A real-world guide to becoming a top-performing equity analyst
Praise for Best Practices for Equity Research Analysts:
“Jim Valentine has taken his decades of experience as a highly successful security analyst and written an effective and comprehensive guide to doing the job right. I only wish I had this book by my side throughout my career.” — Byron R. Wien, Vice Chairman, BlackstoneAdvisory Partners LP
“Given the fast pace and high-pressure nature of the markets, analysts don’t have the luxury to make mistakes. James J. Valentine’s Best Practices for Equity Research Analysts should be required reading for all new and experienced analysts, particularly those who were not lucky enough to be brought up in the business under a mentor. Valentine can be that mentor.” — Jami Rubin, Managing Director, Global Investment Research, Goldman Sachs
“Jim’s book is an excellent window into the world of securities research. Very few works cover the complete life cycle of an analyst and the necessary balance between theory and practice. This is one of them.” — Juan-Luis Perez, Global Director of Research, Morgan Stanley
“Valentine’s book doesn’t rehash the basics of finance but covers all the nonacademic topics in terms of how the analysts should manage their time, resources, data, and contacts in order to come up with the best stock picks. This book is required reading for beginning analysts and a must-read for all analysts who want to develop an edge.” — Carl Schweser, Founder of Schweser’s Study Program for the CFA Exam
“Best Practices for Equity Research Analysts is by far the best written and most comprehensive book that I have read on how to become a top-notch analyst. I shouldn’t be surprised; it was written by one of the best analysts that Wall Street has ever seen. Every securities firm should require their analysts to read this book.” — Eli Salzmann, Portfolio Manager
Most equity research analysts learn their trade on the job by apprenticing under a senior analyst. However, equity analysts who work for senior producers often have little time or incentive to train new hires, and those who do have the time may not have research skills worth emulating.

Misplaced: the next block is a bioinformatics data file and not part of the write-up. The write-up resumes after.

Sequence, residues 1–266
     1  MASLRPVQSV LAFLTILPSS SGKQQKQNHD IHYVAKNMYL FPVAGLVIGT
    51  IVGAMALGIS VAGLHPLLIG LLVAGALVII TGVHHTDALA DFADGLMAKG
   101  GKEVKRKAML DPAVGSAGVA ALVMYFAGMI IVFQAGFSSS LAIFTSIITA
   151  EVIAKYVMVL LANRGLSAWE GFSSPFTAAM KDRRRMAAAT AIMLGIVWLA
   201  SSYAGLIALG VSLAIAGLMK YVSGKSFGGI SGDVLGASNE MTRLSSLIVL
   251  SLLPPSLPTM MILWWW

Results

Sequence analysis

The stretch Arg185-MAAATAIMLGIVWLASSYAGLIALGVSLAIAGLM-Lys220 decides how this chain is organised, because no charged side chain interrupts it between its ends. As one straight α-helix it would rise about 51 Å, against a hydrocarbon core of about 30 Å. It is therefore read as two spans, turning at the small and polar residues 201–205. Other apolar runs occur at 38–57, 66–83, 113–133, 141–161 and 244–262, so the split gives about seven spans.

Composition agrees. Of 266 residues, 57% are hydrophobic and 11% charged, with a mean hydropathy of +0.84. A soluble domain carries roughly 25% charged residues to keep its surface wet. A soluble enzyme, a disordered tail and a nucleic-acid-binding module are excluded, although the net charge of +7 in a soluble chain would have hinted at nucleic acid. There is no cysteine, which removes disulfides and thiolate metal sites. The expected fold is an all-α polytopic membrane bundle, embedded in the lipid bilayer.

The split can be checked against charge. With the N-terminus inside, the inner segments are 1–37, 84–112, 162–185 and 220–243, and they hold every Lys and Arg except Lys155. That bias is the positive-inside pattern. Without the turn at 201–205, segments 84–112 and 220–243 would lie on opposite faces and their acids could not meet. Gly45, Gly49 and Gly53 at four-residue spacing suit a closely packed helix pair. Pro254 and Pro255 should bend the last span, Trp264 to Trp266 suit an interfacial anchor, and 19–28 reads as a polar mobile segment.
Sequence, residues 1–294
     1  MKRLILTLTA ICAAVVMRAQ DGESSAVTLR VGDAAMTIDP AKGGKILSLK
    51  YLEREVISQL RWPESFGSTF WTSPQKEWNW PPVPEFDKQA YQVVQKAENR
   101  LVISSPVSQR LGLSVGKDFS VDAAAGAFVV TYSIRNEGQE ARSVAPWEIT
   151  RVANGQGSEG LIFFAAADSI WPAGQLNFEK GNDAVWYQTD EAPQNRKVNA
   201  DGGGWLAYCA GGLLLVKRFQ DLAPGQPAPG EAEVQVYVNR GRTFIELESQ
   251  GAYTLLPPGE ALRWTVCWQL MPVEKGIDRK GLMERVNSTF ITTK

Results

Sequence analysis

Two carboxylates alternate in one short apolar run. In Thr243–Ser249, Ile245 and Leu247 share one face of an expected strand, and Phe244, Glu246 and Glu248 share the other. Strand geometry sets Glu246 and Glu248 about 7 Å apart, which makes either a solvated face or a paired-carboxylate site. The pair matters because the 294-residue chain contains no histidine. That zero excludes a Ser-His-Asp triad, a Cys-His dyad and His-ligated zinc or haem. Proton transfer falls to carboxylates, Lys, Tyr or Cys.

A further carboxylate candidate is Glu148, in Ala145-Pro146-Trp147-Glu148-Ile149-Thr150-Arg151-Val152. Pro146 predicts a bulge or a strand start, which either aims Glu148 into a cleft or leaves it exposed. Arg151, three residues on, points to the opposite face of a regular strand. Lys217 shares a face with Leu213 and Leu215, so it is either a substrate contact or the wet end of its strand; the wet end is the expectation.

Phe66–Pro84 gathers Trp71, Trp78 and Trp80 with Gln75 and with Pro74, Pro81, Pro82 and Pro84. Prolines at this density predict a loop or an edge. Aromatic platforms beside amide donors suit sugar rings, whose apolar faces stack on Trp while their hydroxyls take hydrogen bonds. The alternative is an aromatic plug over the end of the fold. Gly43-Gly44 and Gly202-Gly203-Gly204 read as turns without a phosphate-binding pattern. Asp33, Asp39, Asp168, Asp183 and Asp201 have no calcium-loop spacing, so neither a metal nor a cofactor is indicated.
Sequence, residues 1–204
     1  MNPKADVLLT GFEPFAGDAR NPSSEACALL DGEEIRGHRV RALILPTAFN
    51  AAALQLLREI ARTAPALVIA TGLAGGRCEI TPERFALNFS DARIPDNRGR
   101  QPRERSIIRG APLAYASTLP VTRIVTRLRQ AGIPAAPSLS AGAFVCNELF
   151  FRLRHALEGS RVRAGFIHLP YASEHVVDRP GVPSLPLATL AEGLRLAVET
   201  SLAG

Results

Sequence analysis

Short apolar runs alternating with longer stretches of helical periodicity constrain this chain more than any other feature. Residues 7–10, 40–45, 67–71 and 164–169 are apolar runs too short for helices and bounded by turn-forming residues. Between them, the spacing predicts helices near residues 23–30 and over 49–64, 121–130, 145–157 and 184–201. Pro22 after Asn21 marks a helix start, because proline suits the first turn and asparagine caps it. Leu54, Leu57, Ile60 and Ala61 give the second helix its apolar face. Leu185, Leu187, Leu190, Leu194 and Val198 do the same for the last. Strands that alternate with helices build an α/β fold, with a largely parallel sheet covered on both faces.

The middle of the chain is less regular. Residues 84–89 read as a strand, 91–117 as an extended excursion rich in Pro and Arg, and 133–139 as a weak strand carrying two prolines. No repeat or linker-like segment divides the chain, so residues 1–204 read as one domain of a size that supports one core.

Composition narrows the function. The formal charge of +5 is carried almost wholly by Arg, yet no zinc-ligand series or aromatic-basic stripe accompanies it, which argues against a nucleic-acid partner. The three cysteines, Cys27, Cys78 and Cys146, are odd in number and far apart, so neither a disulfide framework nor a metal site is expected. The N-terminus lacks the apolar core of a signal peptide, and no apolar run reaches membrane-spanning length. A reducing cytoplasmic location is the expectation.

Now, Best Practices for Equity Research Analysts offers promising equity research analysts a practical curriculum for mastering their profession. James J. Valentine, a former Morgan Stanley analyst, explains everything today’s competitive analyst needs to know, providing practical training materials for buy and sell-side research analysis in the United States and globally.
Conveniently organized for use as a learning tool and everyday reference on the job, Best Practices for Equity Research Analysts covers the five primary areas of the equity research analyst’s role:
- Identifying and monitoring critical factors
- Creating and updating financial forecasts
- Deriving price targets or a range of targets
- Making stock recommendations
- Communicating stock ideas
Expanding upon material covered in undergraduate courses but written specifically to help you perform in the real world, this authoritative book gives you access to the wisdom and expertise of leading professionals in the field. You’ll learn best practices for setting up an information hub, influencing others, identifying the critical factors and information sources for better forecasting, creating a better set of financial forecast scenarios, improving valuation and stock-picking techniques, communicating your message effectively, making ethical decisions, and more.
Without Best Practices for Equity Research Analysts, you’re just treading water in the sink-or-swim world of the equity analyst.